But, the main reason I prefer this to Grimspound, as many times as I've listened to the latter, I can't remember much clear *division* in the album--other than Brave Captain. Meanwhile, with fewer listens to this release, I can crisply remember the differences between the title song, Leaden Stour, and The Passing Widow. Also, it doesn't wear out its welcome with the "Aren't we artists special" self-indulgence that Grimspound seems to suffer from. Although a huge BBT fan back with Gathering Steam, I could not write a review of that release is I still don't know what it exactly is. Interesting music? No doubt. A pleasure to listen to? Yeah, outside of the air of self-congratulation I mentioned before.

Anyway, I can unabashedly say that I consider this release to be the superior release this year, even with the sort of utility drawer and re-release feel of Star. The title song and Leaden Stour are standouts, and have stuck in my head much quicker than anything from Grimspound. The title song is a an orchestrated ballad, with a slight torch song feel to the bass (Manners?), with segments of soft piano accompaniment to flute and violin, cascading to a Gregory solo accompanied by bright brass. Just a subtle and muted, smoothly flowing arrangement.

Haymaking is a song that moves them into a definitely thicker folk vein, a violin dance of sorts, joined in parts with the flute, and all grounded with a nice melodic bass line. Only broken up toward the end with an interlude of discord from synths, before ending with the spritely violin. Skylon, the third track moves back to the sort of smooth, torch song feel, which seems to suit Longdon's voice. This track moves to a minor key much quicker than the title track-- but still in my opinion differentiable from it. London Stone is an interesting acoustic instrumental, totally takes place between the piano and classical guitar (Sjöblom?). Quite a nice contained piece. The Passing Widow goes back to the piano ballad, and is probably the most poppy song on the album. Well done and listenable, even if I can't say that I'm glad that it's on the release. (Who knows though. Telling the Bees was my least favorite on Folklore, but became a sing-along favorite). It also sounds like there's nary an electric instrument on it as well as the previous piece.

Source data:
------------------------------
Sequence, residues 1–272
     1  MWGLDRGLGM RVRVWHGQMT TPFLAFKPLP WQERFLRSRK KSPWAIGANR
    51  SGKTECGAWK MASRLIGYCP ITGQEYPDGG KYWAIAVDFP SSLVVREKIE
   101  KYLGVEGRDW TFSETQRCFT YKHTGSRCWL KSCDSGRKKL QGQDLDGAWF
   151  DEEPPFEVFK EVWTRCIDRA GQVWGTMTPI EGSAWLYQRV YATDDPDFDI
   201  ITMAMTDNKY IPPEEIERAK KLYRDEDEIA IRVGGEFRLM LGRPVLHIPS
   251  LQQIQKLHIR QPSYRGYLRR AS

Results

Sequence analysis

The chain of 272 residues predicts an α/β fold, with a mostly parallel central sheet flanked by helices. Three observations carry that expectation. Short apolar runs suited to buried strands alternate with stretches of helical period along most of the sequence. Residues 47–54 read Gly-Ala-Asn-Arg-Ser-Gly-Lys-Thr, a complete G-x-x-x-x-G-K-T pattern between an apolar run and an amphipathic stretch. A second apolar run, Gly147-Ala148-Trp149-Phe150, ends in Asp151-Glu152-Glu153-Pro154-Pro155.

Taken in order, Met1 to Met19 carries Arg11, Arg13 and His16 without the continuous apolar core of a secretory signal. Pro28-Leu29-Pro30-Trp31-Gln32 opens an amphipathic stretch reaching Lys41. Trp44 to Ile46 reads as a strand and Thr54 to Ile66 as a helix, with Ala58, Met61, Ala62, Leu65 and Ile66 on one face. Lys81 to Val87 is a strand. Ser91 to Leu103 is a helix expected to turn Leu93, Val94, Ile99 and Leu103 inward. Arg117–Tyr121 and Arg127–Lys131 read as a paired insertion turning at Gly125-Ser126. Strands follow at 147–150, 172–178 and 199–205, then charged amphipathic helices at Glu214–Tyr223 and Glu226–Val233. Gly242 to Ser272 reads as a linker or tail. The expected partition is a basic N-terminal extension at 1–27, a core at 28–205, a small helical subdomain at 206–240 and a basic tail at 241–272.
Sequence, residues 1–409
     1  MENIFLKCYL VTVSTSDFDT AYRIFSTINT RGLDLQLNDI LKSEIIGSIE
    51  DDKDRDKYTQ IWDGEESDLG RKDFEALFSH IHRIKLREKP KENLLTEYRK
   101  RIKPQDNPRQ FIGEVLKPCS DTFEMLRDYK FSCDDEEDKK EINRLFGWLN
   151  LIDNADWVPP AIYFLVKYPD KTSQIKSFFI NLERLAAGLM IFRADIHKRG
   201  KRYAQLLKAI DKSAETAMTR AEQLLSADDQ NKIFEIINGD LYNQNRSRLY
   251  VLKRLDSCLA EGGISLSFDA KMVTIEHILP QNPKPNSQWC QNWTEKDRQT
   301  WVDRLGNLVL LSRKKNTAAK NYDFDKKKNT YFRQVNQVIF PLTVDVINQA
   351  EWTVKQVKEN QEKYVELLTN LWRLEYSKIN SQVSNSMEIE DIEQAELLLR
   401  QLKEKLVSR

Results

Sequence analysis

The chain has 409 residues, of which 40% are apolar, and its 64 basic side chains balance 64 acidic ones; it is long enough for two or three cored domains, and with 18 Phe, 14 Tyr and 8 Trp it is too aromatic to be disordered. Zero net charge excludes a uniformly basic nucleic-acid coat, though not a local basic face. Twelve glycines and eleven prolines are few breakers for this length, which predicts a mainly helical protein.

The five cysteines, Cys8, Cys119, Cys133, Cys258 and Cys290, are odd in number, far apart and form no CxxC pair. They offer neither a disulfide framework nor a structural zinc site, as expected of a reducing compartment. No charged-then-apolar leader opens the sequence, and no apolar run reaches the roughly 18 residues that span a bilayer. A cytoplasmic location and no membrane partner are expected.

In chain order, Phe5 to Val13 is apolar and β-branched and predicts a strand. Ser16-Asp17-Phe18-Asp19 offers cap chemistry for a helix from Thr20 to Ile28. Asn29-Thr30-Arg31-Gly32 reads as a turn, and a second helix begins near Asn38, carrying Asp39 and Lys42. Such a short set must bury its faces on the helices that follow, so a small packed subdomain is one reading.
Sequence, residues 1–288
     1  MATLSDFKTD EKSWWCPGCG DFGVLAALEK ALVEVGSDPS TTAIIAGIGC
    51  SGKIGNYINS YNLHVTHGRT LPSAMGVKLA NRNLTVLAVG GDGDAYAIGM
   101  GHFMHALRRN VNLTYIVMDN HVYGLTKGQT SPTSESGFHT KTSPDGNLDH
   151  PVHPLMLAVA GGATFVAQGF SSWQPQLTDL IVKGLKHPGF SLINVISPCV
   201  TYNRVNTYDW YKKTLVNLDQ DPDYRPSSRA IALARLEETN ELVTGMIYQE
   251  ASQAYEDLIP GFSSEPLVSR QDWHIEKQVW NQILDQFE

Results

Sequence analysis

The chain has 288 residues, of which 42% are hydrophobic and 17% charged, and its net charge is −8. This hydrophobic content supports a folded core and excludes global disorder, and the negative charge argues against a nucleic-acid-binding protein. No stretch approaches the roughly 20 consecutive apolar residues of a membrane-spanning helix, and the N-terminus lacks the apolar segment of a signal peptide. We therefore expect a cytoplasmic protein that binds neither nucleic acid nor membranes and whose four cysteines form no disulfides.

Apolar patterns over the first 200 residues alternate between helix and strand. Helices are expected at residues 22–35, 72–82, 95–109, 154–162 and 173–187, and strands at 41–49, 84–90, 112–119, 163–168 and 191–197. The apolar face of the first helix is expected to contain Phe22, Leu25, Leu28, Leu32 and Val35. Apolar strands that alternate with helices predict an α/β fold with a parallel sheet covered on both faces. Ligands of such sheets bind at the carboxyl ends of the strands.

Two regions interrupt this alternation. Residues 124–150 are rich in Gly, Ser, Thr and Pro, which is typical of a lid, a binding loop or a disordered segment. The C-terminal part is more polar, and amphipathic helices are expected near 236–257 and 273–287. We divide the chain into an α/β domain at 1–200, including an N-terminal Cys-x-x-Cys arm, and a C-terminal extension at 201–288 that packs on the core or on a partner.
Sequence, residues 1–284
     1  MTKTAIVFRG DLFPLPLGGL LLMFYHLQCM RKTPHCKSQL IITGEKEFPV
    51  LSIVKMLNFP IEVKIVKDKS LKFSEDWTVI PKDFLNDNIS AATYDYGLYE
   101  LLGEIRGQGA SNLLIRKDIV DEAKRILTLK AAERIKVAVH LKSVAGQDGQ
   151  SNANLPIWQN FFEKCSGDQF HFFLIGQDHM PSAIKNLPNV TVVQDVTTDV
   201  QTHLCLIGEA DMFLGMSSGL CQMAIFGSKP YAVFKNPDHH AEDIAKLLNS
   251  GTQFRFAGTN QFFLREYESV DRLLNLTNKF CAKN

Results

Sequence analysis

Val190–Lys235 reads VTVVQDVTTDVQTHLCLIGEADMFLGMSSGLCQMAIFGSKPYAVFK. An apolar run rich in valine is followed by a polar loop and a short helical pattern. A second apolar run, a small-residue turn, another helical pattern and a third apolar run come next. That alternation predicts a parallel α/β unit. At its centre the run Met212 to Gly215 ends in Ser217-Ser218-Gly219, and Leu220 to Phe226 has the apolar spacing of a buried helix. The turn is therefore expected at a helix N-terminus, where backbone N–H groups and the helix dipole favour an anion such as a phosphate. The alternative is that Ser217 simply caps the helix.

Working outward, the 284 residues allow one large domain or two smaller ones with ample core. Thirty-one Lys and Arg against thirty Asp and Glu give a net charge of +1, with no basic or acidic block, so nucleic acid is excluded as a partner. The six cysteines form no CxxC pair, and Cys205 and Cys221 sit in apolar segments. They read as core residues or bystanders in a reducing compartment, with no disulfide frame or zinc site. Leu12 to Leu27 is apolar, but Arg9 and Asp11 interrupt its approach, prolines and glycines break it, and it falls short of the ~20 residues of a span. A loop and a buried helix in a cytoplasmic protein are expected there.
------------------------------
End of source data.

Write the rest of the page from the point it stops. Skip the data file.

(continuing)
Leaden Stour carries much in the same vein, but it seems the guys knew that they couldn't do another pure piano ballad thing, so there some nice soft jazz guitar and a bass line behind this one. Plus it has a brass intro into their upbeat bridge, a sort of jazz ensemble feel to it. But what's really irresistible is the jazz outro 7 minutes into it.

And as I mentioned before Brooklands and London Plane redux will be the versions of these songs that I'll be playing hence forth.

If there's anything lacking in this release, to me it's what BBT has been increasingly lacking over time. Di Virgillio is from a band that was on Metal Blade records, one of Sjöblom's last albums with Beardfish was pretty heavily rock, Spawton could blaze away on guitar on Difference Machine's Perfect Cosmic Storm and Pick up. I really like the sophisticated variations on pop of the ages these guys are putting out, but would it kill them to just rock out some time?

But one thing that's nice to hear on either albums this year is that they seem to have corrected the mistake on Folklore of burying D'Virgilio down in the mix.

 The Second Brightest Star by BIG BIG TRAIN album cover Studio Album, 2017
3.80 | 164 ratings

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The Second Brightest Star
Big Big Train Crossover Prog

Review by Kingsnake

5 stars Strange little album, but to me the best the band have produced. All of the songs are a straight hit. The album starts calm with a few ballads, some folksongs and jazzy songs.

Skylon and Second Brightest Star are amongst the best progballads have created thusfar.

The icing on the cake, are the two progepics; two extended versions of themes and songs the band used on their previous albums. We can see the albums as a trilogy, and according to the band, this album is the last album in a series of albums that tell the tale of the english countryside and the people living there. I love the concept, and I am curious what the next concept will be.

Thanks to ProgLucky for the artist addition. and to Quinino for the last updates